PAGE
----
Saturday, December 9, 2023
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In-Flight Entertainment Challenge

On a recent flight from NYC -> SFO, I decided to try to re-create as much of the Delta in-flight entertainment system as I could.

Try the final result here:

And here’s the code:

Why do something like this?

Rapidly translating UIs into code is a core skill for UX engineers and design technologists. As I’ve moved more into management I’ve been doing less and less coding and wanted to test my skills. Obviously this isn’t a perfect facsimile of real-world development, but it was an interesting challenge and a fun way to spend the flight.


  • Started with a blank Vite project initialized with the react-ts template.
  • No pre-work aside from installing off-the-shelf npm libraries (recoil, lodash, mui icons, etc) and downloading any data sets you’ll need (e.g. a bunch of movie posters).
  • No pre-built component libraries.
  • No internet access except for the in-flight wifi portal and the airline’s website (useful for grabbing logos). No StackOverflow and no new NPM libraries.
  • Don’t worry about production quality, just re-create as much of the look and feel of the UI as quickly as possible. No accessibility, responsive design, localization, etc; you just want something you can run through a user test.
  • Project-specific code can only be written from when they say you can use your laptop (once the plane has reached 10k feet) to final approach when they make you put laptops away.

What did I learn?

Going in, I thought that not having access to StackOverflow was going to be the biggest challenge. But that actually turned out to be ok! Aside from forgetting the syntax for CSS linear gradient backgrounds and how to ellipsize multiple lines of text I was able to remember most of my syntax and usage (and VSCode helped me fill in the gaps).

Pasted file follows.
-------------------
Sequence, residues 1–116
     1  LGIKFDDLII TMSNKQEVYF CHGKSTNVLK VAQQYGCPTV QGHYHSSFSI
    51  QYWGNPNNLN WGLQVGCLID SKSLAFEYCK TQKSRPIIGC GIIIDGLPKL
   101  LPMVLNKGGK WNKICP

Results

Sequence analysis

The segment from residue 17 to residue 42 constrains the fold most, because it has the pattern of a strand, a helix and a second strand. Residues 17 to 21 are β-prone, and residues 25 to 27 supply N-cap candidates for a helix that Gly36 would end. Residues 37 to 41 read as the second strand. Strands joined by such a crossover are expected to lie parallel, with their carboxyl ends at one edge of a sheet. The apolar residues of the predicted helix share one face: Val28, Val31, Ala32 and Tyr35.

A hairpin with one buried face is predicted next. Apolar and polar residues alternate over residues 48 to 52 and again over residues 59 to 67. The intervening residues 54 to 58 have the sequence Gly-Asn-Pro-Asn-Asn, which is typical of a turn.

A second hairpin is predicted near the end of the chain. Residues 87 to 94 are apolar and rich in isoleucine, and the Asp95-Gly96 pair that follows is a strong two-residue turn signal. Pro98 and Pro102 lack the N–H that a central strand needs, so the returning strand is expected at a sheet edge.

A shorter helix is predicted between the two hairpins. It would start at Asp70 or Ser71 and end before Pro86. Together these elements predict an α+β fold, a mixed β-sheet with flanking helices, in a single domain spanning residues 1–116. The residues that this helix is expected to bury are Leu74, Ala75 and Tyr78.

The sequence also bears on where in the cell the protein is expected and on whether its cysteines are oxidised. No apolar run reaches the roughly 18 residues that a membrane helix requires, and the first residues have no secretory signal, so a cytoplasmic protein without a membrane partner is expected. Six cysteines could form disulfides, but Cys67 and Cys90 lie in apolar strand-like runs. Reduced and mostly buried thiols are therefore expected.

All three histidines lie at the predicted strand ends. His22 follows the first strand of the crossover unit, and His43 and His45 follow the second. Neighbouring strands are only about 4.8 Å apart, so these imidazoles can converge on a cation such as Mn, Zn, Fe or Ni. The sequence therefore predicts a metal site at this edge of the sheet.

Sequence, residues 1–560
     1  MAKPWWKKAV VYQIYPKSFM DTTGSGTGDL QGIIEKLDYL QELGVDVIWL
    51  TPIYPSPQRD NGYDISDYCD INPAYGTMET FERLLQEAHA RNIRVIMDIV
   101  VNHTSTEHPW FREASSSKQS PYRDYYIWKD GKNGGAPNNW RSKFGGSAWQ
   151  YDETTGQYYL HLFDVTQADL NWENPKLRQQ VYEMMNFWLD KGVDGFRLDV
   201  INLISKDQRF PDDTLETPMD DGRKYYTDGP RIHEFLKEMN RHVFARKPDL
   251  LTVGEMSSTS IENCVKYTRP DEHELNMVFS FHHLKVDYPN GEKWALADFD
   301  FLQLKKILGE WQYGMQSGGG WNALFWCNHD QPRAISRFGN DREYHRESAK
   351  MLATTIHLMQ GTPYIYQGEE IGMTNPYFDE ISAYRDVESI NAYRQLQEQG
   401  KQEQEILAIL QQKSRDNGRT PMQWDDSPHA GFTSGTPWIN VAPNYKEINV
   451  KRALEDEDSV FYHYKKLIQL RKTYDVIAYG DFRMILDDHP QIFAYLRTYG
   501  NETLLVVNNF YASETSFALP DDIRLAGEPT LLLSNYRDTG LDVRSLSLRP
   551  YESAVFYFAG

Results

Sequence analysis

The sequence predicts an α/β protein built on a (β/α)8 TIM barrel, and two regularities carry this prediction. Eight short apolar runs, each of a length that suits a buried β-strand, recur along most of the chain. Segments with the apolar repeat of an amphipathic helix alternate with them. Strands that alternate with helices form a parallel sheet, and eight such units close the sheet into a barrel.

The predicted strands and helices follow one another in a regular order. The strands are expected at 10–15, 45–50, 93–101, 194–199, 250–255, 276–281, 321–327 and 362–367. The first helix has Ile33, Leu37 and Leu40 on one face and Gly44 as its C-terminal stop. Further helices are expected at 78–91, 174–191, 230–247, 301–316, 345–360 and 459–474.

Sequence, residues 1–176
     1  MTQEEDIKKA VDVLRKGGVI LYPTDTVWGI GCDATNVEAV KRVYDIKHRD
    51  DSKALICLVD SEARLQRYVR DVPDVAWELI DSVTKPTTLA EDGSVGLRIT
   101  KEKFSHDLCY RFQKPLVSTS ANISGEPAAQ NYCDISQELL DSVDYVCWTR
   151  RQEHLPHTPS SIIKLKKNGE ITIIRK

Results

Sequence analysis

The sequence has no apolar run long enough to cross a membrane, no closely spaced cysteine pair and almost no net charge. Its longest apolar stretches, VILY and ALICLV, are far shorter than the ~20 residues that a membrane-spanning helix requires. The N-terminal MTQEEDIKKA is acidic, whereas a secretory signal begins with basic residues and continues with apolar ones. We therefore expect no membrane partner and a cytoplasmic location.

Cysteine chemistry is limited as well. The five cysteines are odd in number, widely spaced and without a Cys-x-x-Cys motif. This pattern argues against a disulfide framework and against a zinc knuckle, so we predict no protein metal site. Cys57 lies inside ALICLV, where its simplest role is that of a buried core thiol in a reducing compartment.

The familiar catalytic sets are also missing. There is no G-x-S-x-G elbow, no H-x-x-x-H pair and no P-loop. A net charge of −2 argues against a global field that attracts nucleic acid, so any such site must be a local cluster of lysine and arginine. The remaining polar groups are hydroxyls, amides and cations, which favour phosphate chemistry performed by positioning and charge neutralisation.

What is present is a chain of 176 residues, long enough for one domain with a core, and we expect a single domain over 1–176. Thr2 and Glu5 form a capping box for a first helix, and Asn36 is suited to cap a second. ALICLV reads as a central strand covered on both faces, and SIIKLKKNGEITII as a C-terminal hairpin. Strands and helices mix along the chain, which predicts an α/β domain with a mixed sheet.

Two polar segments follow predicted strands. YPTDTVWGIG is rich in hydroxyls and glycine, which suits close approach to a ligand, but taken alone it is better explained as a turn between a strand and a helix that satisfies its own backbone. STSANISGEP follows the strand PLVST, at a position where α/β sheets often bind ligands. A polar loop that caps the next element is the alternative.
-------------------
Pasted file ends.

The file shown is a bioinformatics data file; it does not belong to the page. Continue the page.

The biggest problem turned out to be not having access to new NPM libraries. Slick draggable scrolling is a key part of many screens in Delta’s in-flight entertainment system (complete with momentum-based flicks, over-scroll, page-snapping, etc). Because I didn’t have access to a component library and hadn’t thought to pre-install a good drag scroll library, I ended up having to build my own. It went ok but took a long time and isn’t nearly as good as many off-the-shelf options. Next time I try this I’ll be sure to come better-prepared.

Another challenge was the sizes, spacings and colors. Usually when I build a prototype I’ll include a hide-able screenshot of the comp to make it easy to achieve pixel-perfection. Without the internet I couldn’t match the fonts and not having access to the raw visuals made it hard to compare directly. Sometimes I ended up trying to hold my laptop up to the screen which got me some funny looks.

One other major takeaway was feeling very good about my current prototyping toolchain. React, typescript, a vs code extension I wrote to quickly create new React components, recoil, css modules, stylus, and MUI make it really, really easy and fast to quickly build prototypes. They may not always be the right choice for production, but dang do they feel good to use.


This challenge was a lot of fun and I definitely want to do it again. I made good progress but didn’t get as far as I wanted and I’m excited to take what I learned and try to do better next time.

If you’re also a front-end engineer or work with designers I highly recommend giving this a try!

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